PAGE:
Rev. Will: What are your favourite bands of all time?
Adrien Begrand: As far as metal goes, Iron Maiden’s at the top. But I’m also most fond of Metallica, Slayer, Judas Priest, Opeth, Meshuggah, the Gathering, Katatonia, Motörhead. Outside metal, there’s the Ramones, Pavement, Pulp, Can, Bob Dylan, Drive-By Truckers, Goldfrapp, New Order, Leonard Cohen, Neil Young. I could go on for ages in both categories.
Rev. Will: What albums have been hogging your ears lately?
Adrien Begrand: As of late, the stuff that’s blown my mind the most have been Opeth’s Heritage, Hammers of Misfortune’s 17th Street, Leviathan’s True Traitor, True Whore, Iced Earth’s Dystopia, Evile’s Five Serpent’s Teeth, The Atlas Moth’s An Ache For the Distance. I’m still trying ot get my head around Mastodon’s The Hunter. I’ve also been playing Jaguar’s 1983 album Power Games like mad lately. And St. Vincent’s Strange Mercy, metal fans should check it out, she shreds on that sucker, she’s become Kate Bush meets Big Black. Oh, and though it’s not metal, Fucked Up’s David Comes to Life is the best thing I’ve heard all year. I have no idea what my top metal album will be. Primordial? Opeth? 40 Watt Sun? It’s a total toss-up right now.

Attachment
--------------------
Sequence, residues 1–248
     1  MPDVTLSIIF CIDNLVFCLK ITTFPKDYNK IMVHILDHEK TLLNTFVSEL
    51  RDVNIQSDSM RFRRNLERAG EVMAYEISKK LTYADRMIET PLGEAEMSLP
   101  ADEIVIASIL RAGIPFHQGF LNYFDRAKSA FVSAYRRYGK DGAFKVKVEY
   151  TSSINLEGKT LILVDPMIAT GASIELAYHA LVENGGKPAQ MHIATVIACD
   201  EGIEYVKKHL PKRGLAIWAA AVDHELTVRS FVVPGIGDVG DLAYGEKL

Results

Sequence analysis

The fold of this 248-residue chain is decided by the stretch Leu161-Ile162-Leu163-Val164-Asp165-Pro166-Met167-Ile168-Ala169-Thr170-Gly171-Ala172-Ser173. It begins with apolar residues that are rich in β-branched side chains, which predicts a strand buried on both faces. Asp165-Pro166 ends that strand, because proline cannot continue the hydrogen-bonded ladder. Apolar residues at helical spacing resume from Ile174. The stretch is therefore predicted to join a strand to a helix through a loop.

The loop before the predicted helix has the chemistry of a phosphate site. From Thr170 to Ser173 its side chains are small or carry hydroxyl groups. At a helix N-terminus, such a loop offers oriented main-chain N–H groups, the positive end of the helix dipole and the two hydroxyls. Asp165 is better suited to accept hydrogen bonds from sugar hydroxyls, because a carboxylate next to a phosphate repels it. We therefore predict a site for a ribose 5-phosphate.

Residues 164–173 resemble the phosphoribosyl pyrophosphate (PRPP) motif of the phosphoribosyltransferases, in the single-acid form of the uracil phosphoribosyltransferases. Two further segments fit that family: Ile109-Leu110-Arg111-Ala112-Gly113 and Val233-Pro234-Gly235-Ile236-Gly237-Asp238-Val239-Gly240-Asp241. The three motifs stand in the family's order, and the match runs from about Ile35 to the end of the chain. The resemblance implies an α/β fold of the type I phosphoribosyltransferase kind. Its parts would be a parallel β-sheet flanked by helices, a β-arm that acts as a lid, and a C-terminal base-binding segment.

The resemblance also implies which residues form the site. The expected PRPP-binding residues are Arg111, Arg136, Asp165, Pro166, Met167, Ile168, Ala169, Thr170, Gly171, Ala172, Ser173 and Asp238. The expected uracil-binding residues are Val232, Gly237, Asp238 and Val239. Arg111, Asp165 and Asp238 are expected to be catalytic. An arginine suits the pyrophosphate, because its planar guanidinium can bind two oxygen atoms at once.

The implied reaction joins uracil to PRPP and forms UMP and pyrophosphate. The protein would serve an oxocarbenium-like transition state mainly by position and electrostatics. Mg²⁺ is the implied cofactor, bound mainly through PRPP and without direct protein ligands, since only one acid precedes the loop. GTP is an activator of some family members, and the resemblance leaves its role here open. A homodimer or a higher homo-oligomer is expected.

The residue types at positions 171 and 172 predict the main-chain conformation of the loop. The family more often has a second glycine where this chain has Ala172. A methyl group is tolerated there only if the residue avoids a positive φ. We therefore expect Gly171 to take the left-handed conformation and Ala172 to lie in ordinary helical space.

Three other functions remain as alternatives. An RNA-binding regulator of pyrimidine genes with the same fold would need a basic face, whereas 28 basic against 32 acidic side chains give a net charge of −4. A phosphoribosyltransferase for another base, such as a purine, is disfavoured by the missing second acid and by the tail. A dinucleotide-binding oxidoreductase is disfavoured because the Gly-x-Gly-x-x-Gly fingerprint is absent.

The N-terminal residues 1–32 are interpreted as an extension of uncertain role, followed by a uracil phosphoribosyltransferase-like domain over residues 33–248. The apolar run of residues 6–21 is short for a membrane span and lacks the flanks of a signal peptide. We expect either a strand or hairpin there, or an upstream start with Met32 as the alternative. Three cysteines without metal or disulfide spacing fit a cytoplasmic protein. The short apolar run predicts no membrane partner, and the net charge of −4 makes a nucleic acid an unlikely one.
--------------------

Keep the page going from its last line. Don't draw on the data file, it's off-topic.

Rev. Will: Will you consider setting up your own metal magazine next time?
Adrien Begrand: Not at all, nearly ten years in I’m still perfectly happy churning out the reviews and articles like a drone.
Rev. Will: How about writing a novel or a non-fiction book on metal?
Adrien Begrand: A book is the next big step, no question, and I have an idea or two. It still feels a long time away though.
Rev. Will: Any other advice for young and budding metal music journalists out there?
Adrien Begrand: Don’t go into it expecting to make money. Start simply, start a blog or contribute to a webzine and work hard at forming your own voice. If you’re passionate enough to grind it out, the paying gigs will come, and then you’ll have to work even harder to keep those going. But if you love metal and writing about metal, it’ll never stop being fun. The second it stops being fun, don’t hesitate to step aside, because there’s always someone waiting to take your place.